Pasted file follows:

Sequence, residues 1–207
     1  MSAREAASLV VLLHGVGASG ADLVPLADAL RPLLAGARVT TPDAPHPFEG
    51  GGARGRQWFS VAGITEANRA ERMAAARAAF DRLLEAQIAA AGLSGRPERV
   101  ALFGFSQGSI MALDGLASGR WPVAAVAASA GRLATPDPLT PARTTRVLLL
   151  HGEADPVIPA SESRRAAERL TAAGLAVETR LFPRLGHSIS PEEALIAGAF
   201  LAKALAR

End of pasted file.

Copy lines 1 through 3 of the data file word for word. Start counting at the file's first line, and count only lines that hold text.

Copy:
Sequence, residues 1–207
     1  MSAREAASLV VLLHGVGASG ADLVPLADAL RPLLAGARVT TPDAPHPFEG
    51  GGARGRQWFS VAGITEANRA ERMAAARAAF DRLLEAQIAA AGLSGRPERV